Horses man­age to triple his plea­sure

Trainer Navarro counts 3 win­ners at Gulf­stream claims races

South Florida Sun-Sentinel Palm Beach (Sunday) - - Sports - By Tom Jicha Cor­re­spon­dent

HAL­LAN­DALE BEACH — Jorge Navarro ar­guably plays the claim­ing game bet­ter than any other trainer in Amer­ica. So it was ap­pro­pri­ate that his horses dom­i­nated the Claim­ing Crown on Satur­day at Gulf­stream Park.

Navarro trainees won three of the nine stakes, in­clud­ing the nom­i­nal fea­ture, the $200,000 Jewel, with Aztec Sense, the horse’s eighth win in a row.

“I told my wife this morn­ing that if we could win one, it would be a touch­down,” Navarro said. “To win three is amaz­ing.”

Aztec Sense, a 3-2 fa­vorite with Emisael Jaramillo, has been with Navarro through­out the streak. The trainer’s other win­ners were more il­lus­tra­tive of his spe­cialty: claim­ing horses and im­prov­ing them. Armed with mostly lower-cal­iber horses, Navarro has fin­ished sec­ond in to­tal wins be­hind Todd Pletcher’s herd of classy horses dur­ing the past three Gulf­stream premier meet­ings.

From a bet­tors stand­point, the high spot of Navarro’s day came as his horses ran one-two in the Iron Horse. Salsa’s Re­turn, a 16-1 shot rid­den by Al­bin Jiminez, ran down 22-1 Donji in the fi­nal strides. The sta­ble ex­acta re­turned $523.60.

Two races later, Navarro struck again with a long shot. Chris Lan­deros got Miss­chief Maas to slip be­tween horses late at 14-1 to cap­ture the Glass Slip­per. Navarro just missed an­other sta­ble ex­acta as Star­ship Reina, who had led most of the way, tired late to fin­ish third.

Navarro also had a first and a third in the Jewel. His Zulu got up for third, be­hind run­ner-up Rich Daddy.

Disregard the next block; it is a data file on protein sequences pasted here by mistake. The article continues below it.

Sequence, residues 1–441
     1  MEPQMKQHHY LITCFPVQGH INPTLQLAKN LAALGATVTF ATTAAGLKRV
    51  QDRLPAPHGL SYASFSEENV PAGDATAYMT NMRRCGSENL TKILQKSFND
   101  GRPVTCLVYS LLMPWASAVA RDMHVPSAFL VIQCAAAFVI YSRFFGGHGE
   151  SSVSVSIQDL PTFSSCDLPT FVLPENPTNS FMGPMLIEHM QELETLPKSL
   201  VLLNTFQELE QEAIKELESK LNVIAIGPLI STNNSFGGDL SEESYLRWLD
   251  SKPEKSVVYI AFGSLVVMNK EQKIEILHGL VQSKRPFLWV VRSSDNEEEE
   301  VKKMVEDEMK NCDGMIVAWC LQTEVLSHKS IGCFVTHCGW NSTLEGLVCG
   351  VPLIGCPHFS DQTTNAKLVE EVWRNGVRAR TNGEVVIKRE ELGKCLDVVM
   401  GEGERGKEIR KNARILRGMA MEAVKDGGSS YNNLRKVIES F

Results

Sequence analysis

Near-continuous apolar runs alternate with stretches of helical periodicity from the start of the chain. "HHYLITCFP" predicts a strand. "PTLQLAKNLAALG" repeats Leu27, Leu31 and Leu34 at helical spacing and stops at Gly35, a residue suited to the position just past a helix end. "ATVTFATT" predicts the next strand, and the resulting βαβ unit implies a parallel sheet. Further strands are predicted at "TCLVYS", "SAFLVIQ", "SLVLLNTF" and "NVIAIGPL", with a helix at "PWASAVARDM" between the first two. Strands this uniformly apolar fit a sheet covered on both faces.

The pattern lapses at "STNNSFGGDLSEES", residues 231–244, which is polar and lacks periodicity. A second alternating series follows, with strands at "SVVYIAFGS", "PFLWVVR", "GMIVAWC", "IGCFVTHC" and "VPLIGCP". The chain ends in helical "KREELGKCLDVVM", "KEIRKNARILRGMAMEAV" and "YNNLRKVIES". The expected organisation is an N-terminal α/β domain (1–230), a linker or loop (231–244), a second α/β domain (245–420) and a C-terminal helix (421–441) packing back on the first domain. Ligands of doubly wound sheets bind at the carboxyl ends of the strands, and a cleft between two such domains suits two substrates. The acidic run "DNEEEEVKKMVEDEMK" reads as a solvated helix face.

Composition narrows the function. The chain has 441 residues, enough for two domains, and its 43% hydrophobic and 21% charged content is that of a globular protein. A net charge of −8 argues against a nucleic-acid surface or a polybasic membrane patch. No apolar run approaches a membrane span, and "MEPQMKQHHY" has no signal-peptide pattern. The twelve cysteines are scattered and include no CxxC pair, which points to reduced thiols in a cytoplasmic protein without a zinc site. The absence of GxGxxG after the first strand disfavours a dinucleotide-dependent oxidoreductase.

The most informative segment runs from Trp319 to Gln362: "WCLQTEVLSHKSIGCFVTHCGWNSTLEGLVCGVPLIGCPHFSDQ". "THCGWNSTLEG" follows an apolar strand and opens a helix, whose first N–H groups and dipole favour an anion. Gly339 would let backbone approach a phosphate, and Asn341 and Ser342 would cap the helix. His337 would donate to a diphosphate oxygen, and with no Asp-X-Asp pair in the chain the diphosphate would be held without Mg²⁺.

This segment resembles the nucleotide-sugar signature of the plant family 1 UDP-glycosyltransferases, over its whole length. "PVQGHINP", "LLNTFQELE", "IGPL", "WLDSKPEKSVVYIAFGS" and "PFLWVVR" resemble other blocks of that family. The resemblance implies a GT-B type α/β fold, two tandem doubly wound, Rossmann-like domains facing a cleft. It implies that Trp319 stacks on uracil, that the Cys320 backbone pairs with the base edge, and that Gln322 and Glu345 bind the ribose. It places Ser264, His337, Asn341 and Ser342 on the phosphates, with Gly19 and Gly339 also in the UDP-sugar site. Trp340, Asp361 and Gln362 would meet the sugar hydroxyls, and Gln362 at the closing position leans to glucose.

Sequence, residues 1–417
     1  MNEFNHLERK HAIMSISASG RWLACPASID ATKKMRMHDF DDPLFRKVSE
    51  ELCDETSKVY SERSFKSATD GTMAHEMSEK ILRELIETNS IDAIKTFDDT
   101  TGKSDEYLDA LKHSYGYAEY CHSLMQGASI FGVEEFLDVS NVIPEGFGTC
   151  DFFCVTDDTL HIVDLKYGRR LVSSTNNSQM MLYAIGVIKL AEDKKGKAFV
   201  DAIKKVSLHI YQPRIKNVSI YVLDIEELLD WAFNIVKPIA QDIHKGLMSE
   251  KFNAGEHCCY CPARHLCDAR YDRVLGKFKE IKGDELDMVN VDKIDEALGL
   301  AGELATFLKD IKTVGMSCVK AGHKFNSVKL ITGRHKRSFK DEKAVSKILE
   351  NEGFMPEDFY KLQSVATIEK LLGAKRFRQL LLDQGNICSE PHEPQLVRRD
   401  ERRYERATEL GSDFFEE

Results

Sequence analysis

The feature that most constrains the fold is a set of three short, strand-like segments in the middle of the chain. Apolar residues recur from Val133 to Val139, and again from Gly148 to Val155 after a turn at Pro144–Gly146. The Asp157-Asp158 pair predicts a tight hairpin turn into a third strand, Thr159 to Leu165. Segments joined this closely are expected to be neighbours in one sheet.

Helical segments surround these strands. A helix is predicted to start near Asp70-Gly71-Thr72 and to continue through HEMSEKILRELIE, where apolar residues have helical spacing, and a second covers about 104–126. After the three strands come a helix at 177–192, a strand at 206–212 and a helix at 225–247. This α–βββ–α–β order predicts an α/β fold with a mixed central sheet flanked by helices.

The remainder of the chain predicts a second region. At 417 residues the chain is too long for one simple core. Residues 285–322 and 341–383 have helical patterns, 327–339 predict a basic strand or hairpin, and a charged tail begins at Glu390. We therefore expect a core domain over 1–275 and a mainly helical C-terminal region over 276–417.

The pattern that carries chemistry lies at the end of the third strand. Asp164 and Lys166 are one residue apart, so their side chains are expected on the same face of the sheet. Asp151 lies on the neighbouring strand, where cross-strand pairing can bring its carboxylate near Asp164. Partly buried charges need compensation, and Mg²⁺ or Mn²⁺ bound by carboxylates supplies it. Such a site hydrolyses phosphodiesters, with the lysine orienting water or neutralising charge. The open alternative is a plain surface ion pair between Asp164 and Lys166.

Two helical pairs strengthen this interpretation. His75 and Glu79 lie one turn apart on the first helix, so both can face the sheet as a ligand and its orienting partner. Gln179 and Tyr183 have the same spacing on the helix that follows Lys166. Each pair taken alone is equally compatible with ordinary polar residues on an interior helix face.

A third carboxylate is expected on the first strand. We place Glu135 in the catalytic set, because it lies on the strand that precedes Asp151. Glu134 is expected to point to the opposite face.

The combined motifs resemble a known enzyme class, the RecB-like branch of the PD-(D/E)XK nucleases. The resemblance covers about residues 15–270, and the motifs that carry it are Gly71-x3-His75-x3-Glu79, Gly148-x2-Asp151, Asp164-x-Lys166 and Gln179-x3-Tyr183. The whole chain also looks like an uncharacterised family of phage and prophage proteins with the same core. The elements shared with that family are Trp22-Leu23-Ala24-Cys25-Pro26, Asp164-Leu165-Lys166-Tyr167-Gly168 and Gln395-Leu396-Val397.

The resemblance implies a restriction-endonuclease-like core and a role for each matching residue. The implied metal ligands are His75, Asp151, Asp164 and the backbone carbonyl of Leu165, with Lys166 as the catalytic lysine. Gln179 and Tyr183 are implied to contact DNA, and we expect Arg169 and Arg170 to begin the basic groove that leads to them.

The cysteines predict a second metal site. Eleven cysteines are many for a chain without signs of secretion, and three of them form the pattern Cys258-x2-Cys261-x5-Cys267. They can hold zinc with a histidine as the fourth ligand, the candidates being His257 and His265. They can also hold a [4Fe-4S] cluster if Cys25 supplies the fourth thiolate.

Lan­deros was the rid­ing star of the day with a triple. He also rode Rocket Heat to vic­tory in the Can­ter­bury Stakes and took the meet opener, a maiden race, with So­lar Kit­ten.

Jiminez had a dou­ble. He also won the Rapid Tran­sit with odds-on fa­vorite Uno Mas Mon­delo, who had to over­come a tardy start.

Af­ter leap­ing in the air at the break and fall­ing back to last, Jiminez got Uno Mas Mon­delo to gather her­self then pick off horses grad­u­ally. She fi­nally nailed front-run­ning Mag­ni­fier, an­other from the Navarro barn, in the clos­ing strides.

In other Claim­ing Crown races, Peru, who was ahead of only two the 12 horses at the top of the stretch, un­leashed a fu­ri­ous rally un­der Julien Leparoux to win the Tiara go­ing away. Peru is owned by Ken Ram­sey and trained by Mike Maker, who have 16 and 17 Claim­ing Crown wins, re­spec­tively, each all­time highs.

Ap­peal­ing Fu­ture, rid­den by Nik Juarez, led down the back­stretch, slipped back to fourth go­ing to the turn and then ral­lied again to take the Ex­press. Ox­ford Comma du­eled with 4-5 fa­vorite Blue Bahia through scorch­ing frac­tions and appeared to be drop­ping off the pace, but Miguel Vasquez got her to come on again to take the Distaff Dash.

Horses who made their last start at 21 dif­fer­ent tracks showed up for the nine Claim­ing Crown races. In­ter­est­ingly, the only win­ner whose most re­cent start was in South Florida was Un­cle B, who pro­duced the big­gest price of the day when he scored in the Emer­ald at 36-1 un­der Ri­cardo San­tana Jr.

The Claim­ing Crown made a case that fans pre­fer quan­tity over qual­ity. With no real stakes horses but full fields in al­most ev­ery race, bet­tors wa­gered a record $13.612 mil­lion, up 14 per­cent over last year’s $11.925 mil­lion, which was the record han­dle for open­ing day.

“I told my wife this morn­ing that if we could win one, it would be a touch­down. To win three is amaz­ing.” —Jorge Navarro


Trainer Jorge Navarro, left, and jockey Chris Lan­deros both col­lected three vic­to­ries Satur­day at Gulf­stream's Claim­ing Crown Day.

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